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During the Big Dance, Standards Take It to the Hoop

Each spring, the National Collegiate Athletic Association (NCAA) holds its annual Men's Division I Basketball Championship, better known as March Madness or the Big Dance. The 2014 edition began March 18 with a roster of 68 competing teams and will conclude with the crowning of a national championship team on April 7. In addition to the many tournament rules and regulations set by the NCAA and the National Basketball Association (NBA), voluntary consensus standards play a role in supporting players, coaches, and fans as they enjoy this annual celebration of athleticism and competition.

Since the sport's founding, specialized basketball sneakers have evolved to reflect changes in the game. High-top sneakers with increased ankle support eclipsed low-tops and most brands added significant padding, reflecting the increased role played by jumping in modern basketball. ASTM F1976-13, Standard Test Method for Impact Attenuation of Athletic Shoe Cushioning Systems and Materials, described a gravity-driven test used to measure the ability of cushioning materials and systems in athletic shoes to respond to an impact. The standard, which is not intended for use on shoes made for children, was developed by American National Standards Institute (ANSI) member and audited designator ASTM International.

Along with high-top sneakers, sleeveless, mesh basketball jerseys have become an iconic symbol of the game. ISO 13029:2012, Textiles - Determination of drying rate in dynamic state by the modified sweating-guarded hotplate, sets down a method for measuring the drying rate of sportswear fabric products, helping keep sweaty March Madness players dry under pressure. This International Standard was developed by International Organization for Standardization (ISO) Technical Committee (TC) 38, Textiles; ASTM International serves as the ANSI-accredited U.S. Technical Advisory Group (TAG) administrator to ISO TC 38.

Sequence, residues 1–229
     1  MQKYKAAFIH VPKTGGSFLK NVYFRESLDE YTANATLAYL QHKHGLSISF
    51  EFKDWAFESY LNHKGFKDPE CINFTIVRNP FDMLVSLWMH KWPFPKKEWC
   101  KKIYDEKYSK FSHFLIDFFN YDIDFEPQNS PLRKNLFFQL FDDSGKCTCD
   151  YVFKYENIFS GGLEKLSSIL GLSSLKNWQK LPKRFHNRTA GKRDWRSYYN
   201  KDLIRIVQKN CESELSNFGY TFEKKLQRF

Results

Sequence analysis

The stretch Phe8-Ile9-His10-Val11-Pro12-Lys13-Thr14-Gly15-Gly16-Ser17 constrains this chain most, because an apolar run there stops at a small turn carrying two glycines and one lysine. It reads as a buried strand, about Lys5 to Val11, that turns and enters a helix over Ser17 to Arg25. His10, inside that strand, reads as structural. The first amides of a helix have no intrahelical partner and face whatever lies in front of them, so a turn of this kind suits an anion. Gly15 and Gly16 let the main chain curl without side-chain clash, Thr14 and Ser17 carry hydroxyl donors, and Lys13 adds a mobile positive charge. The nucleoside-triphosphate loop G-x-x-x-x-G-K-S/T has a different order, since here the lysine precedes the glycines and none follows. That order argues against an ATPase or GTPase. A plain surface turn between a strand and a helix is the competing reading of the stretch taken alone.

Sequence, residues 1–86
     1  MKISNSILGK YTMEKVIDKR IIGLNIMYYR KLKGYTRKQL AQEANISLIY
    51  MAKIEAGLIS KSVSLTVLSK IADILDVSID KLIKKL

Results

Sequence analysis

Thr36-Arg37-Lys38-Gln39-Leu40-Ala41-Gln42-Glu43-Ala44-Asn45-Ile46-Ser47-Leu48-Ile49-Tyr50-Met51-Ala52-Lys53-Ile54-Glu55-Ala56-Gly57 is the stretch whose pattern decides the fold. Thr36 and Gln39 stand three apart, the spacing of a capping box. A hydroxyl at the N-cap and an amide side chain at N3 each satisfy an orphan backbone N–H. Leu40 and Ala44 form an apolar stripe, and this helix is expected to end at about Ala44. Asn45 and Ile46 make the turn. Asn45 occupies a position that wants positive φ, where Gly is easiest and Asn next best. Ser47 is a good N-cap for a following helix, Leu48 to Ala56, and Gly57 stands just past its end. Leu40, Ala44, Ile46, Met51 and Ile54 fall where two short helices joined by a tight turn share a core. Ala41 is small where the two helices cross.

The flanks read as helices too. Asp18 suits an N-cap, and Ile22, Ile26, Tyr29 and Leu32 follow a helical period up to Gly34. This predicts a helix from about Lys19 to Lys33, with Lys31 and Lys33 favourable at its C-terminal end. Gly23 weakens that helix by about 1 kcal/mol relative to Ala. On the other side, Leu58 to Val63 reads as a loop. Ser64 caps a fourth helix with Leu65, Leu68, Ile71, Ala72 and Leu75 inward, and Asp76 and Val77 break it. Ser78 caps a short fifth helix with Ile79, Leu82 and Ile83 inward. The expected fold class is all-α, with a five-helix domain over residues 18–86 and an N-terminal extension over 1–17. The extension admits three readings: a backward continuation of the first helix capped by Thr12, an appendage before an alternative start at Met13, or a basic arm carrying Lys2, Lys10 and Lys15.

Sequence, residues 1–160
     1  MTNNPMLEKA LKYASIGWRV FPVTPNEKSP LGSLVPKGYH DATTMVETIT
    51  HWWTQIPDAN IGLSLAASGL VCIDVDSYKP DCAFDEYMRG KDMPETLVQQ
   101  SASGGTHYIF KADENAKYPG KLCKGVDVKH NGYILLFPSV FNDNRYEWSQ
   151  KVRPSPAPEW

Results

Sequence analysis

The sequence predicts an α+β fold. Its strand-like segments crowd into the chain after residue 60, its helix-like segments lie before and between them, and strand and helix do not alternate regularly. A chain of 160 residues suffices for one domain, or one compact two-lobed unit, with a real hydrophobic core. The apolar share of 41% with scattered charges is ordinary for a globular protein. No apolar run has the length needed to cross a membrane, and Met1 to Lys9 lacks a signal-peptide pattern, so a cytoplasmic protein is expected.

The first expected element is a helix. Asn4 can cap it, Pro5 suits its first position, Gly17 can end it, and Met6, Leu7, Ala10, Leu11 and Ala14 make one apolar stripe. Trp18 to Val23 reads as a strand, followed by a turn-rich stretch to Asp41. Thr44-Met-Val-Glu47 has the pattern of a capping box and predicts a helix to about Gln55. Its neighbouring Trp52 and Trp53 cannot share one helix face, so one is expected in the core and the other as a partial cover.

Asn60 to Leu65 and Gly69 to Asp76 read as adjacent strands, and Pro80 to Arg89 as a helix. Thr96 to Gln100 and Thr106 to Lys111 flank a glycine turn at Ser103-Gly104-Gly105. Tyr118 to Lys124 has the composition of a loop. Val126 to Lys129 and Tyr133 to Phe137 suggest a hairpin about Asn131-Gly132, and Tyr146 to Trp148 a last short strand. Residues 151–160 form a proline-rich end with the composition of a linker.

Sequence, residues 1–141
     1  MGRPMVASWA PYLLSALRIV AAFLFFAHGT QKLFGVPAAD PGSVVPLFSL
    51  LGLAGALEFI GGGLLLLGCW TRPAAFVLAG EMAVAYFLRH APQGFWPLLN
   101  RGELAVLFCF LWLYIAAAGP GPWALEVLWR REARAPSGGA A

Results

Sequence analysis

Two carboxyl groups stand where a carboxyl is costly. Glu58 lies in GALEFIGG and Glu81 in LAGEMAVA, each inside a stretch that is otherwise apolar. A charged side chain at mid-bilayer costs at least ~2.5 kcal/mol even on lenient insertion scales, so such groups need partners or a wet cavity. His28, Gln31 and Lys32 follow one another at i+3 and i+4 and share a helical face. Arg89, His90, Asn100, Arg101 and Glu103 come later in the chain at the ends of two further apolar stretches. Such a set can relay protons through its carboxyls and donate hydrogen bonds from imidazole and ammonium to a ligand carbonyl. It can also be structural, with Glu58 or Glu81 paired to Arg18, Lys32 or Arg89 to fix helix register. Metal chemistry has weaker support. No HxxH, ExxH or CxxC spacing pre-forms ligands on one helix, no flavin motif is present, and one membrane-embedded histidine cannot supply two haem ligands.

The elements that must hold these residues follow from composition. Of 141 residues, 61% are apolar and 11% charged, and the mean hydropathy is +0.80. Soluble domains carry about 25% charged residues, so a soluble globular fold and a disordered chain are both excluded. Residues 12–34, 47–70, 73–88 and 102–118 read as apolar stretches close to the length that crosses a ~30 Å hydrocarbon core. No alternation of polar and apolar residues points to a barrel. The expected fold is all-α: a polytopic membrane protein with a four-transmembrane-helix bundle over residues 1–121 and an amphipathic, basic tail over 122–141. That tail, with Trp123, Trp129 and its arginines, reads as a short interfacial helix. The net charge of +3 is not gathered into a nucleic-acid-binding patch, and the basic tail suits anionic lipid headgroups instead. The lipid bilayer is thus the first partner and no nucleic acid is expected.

Because the Big Dance is a national tournament, participating teams are often required to travel significant distances between match-ups. For some teams (and their devoted fans), that can mean making use of chartered buses to bridge the distance between arenas. CSA D270-2008 (R2013), Multi-functional activity buses, provides requirements for the chassis and body of buses that are not intended for use as school buses, as well as related safety requirements. This standard was developed by CSA Group, an ANSI organizational member and accredited standards developer.

While some die-hard fans will be lucky enough to snag coveted March Madness tickets and see their favorite team play live, most basketball enthusiasts will be glued to the screen. ANSI/SCTE 40 2011, Digital Cable Network Interface Standard, provides normative specifications for digital network interfaces between cable television systems and relevant, commercially available digital cable products. This American National Standard (ANS), which supports the viewing of digital video content - including the Big Dance - on televisions with cable access, was developed by the Society of Cable Telecommunications Engineers (SCTE), an ANSI member and accredited standards developer.

While most of the attention during the Big Dance is understandably on the hundreds of competing players, voluntary consensus standards provide the tournament with an essential assist, helping to support the fierce match-ups and feats of athleticism that keep fans coming back.


Jana Zabinski

Senior Director, Communications & Public Relations


[email protected]

Beth Goodbaum

Journalist/Communications Specialist


[email protected]